Invasive species are plants, animals, or organisms that spread so quickly that they harm other wildlife.
They are not native to Washington and were brought here by someone or something. Because they are new to this state, natural predators often don’t exist, allowing them to spread at alarming rates.
Most non-native species are useful, such as farm animals and crops. Just a handful of non-native species cause problems.
Invasive Species Are Everyone’s Problem
Invasive species can take over your garden, favorite swimming lake, or hiking trail. They out-compete native plants and animals for scarce resources, changing the landscape. Invasive species damage farms and forests as well as lakes, rivers, and marine waters. They cause hundreds of billions of dollars worth of damage. Farmers, foresters, and homeowners also spend hundreds of thousands of dollars to control invasive species. Invasive species are not just a danger in Washington. They are one of the leading threats to the world’s diversity of plants, animals, and the places they live. For example, invasive species impact nearly half of the plants and animals listed as threatened or endangered under the U.S. Endangered Species Act.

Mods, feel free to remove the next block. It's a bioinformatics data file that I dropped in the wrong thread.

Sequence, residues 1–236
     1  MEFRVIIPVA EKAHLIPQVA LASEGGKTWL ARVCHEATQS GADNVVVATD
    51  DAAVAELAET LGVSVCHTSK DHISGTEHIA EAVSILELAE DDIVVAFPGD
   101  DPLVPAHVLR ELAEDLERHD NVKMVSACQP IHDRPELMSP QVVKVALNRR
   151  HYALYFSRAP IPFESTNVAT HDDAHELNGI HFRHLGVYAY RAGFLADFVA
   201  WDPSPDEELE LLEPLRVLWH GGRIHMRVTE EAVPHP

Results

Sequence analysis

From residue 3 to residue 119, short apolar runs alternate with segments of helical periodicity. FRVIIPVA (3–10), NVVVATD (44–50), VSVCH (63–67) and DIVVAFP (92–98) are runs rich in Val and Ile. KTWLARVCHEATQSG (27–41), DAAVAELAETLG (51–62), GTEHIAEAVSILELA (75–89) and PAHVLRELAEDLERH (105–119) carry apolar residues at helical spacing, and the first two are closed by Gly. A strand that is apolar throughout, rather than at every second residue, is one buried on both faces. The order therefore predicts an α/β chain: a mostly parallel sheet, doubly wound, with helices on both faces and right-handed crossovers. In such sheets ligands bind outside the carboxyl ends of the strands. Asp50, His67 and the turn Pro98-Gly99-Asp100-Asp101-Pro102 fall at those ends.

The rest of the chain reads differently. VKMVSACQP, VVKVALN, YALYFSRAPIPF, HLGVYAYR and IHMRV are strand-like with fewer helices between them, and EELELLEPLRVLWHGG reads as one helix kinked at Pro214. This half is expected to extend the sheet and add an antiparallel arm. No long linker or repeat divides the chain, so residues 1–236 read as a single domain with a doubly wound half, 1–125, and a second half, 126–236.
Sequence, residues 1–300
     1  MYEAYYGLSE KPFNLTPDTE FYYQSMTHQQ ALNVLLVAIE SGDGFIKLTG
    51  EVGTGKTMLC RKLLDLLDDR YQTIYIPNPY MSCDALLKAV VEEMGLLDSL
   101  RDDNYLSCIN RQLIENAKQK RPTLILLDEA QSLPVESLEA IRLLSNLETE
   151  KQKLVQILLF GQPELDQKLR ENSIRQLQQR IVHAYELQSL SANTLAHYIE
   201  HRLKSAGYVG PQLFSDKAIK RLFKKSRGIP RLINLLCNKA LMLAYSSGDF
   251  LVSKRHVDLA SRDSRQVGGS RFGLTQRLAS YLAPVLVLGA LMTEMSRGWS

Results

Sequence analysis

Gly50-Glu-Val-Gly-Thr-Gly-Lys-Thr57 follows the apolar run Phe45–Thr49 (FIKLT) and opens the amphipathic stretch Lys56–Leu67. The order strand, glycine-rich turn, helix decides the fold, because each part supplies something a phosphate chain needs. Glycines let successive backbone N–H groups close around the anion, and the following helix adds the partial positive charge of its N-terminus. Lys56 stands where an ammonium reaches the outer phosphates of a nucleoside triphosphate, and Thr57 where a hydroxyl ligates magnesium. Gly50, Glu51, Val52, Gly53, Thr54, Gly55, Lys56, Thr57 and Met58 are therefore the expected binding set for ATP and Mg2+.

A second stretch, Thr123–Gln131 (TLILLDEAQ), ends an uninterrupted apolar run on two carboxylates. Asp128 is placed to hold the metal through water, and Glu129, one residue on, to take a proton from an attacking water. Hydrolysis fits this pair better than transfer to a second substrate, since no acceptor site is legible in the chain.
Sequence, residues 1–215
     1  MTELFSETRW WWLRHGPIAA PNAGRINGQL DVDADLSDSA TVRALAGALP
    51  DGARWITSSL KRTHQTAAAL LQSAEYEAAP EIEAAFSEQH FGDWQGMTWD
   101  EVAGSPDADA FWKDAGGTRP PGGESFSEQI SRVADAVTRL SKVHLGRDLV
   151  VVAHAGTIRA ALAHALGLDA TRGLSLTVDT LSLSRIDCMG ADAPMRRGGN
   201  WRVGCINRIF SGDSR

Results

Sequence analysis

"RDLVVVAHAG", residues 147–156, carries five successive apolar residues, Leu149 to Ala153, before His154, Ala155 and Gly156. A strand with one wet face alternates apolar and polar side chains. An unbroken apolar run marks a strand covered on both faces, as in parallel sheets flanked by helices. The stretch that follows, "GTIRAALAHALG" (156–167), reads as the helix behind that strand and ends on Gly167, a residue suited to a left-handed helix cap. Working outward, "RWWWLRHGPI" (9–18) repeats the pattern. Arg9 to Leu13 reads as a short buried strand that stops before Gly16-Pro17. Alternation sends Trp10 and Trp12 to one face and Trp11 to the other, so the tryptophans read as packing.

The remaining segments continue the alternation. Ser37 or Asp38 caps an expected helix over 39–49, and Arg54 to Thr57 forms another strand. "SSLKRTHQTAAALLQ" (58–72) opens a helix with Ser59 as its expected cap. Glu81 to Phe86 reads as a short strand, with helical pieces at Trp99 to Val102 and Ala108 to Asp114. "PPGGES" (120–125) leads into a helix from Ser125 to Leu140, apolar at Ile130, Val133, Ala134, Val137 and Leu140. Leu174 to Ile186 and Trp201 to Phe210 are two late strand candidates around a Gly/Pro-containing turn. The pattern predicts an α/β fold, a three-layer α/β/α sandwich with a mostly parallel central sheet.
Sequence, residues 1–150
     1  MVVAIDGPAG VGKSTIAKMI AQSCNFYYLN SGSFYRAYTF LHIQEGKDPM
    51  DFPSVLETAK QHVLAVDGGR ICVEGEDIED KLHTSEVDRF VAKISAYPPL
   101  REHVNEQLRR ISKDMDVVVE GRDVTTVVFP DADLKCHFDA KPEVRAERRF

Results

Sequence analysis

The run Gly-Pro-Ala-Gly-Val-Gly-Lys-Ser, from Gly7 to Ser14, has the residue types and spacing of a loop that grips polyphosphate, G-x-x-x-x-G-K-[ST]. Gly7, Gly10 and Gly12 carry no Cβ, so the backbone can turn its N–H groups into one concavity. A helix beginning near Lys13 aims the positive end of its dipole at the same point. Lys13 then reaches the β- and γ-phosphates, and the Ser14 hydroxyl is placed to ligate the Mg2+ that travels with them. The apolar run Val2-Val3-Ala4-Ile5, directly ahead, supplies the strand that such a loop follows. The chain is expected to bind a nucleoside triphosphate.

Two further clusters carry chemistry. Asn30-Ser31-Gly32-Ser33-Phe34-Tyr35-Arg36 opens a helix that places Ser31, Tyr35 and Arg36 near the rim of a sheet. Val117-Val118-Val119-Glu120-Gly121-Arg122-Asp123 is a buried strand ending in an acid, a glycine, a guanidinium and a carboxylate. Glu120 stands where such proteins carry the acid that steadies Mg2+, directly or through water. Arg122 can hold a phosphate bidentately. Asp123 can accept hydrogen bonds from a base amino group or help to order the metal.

Washington has been fighting to control invasive plants since settlers first arrived. For many years, the agricultural community led the fight against invasive plants. Today, we recognize that invasive plants also harm lakes, streams, wetlands, and ecosystems. Invasive plants displace native species that wildlife depend on for food. See the top management priorities.
To combat invasive plants, Washington has a system of county weed boards and local weed districts, and laws that require landowners to control invasive plants on their properties. The traditional, legal term for invasive plants is noxious weeds. The Washington State Noxious Weed Control Board maintains a list of plants that landowners are required to control, helps coordinate local weed boards, and provides public education materials. The Department of Agriculture maintains a list of all plants and seeds whose sales are prohibited in Washington.
Insects, snakes, birds, lizards, fish, amphibians, and mammals can dramatically alter native habitats and out-compete native species. To see a list of all potentially invasive aquatic species prohibited from the state please, visit the Washington Department of Fish and Wildlife’s Aquatic Invasive Species page.
Exotic pests are estimated to cost the United States $137 billion in crop damage each year. Pests, such as the apple maggot, have the ability to attack not only apples, Washington’s top cash crop, but also cherries, pears, plums, and apricots. To find out more about exotic pests, visit the Washington Department of Agriculture’s Web site.